How to recognize trustworthy sources of information and what are the challenges of investigative reporting in the age of digital media were some of the topics discussed at the panel that the Center for Investigative Reporting in Sarajevo (CIN) organized today.
The occasion for the conference was the organization’s 13th birthday. To date, it has published over 500 investigative stories and accompanying content that have been republished by other media over 10,000 times.
The night before, a photo exhibition created by Dženat Dreković was opened as a part of the anniversary celebration. The photos were taken in Bosnian prisons during an investigation into prison entitlements that CIN had published earlier this year.
In the first part of the panel discussion, Lejla Turčilo, profess from the Sarajevo University’s School of Political Sciences and Radenko Udovičić, director of Mediaplan Institute, talked about the prevailing sources of information in Bosnian media.
Udovičić cited a research that shows how political sources (over 70 percent) dominate the program of the Bosnia and Herzegovina (BiH) public broadcasters and that citizens are the least used source of information.
Turčilo said that most of the media in BiH mainly base their reports on one source and that media outlets most often do not check the claims they are publishing or consciously manipulate the public.
CIN’s deputy editor-in-chief Mirjana Popović talked how quality investigative reporting can counter fake news allegations. In its work methodology, CIN pays a lot of importance to fact-checking as a proven pill against manipulation and “fake news allegations”. The fact that no person or institution has won a defamation or other case related to violations of ethical standards against CIN stands as the testimony of the quality of the organization’s work.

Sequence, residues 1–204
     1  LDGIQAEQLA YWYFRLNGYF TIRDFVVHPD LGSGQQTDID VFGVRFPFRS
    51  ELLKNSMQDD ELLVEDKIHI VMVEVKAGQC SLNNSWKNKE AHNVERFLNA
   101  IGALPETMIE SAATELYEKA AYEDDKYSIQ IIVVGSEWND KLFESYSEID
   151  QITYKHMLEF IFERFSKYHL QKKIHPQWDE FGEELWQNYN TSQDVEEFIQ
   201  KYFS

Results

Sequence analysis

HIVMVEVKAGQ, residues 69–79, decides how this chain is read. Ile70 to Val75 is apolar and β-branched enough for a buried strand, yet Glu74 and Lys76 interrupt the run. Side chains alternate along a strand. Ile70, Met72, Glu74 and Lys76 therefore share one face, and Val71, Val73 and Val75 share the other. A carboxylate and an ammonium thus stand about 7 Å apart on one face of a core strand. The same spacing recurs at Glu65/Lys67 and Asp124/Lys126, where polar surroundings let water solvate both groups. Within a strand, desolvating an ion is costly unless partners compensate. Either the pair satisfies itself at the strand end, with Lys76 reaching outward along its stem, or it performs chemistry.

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In the course of the conference there followed a discussion about the protection of copyrights in Bosnian media. The Press Council’s executive directress Ljiljana Zurovac explained that print and on-line media in BiH may exercise self-regulation as a voluntary commitment to the standards. The majority of the media outlets follow the Press Council’s recommendations she said. However, online media are an exception because for many of them is not known who their owners are or what their editorial policy is.
Lawyer Lejla Gačanica has summed up the country’s copyright regulation and said that the legal framework gives enough protection to media and journalists, at least in theory, but the road to achieve these rights in practice was filled with obstacles.
Freelance author Adis Nadarević spoke about citizen journalism. He explained that this type of journalism has sprang up because the mainstream journalism could not meet all the public’s needs.
On the occasion of the anniversary, CIN has produced a short video in which its reporters and editors explain the process and methodology of investigative reporting. CIN has also published a publication titled “Investigative Reporting – User’s Guide” which aims to initiate students, young reporters and others to this type of journalism.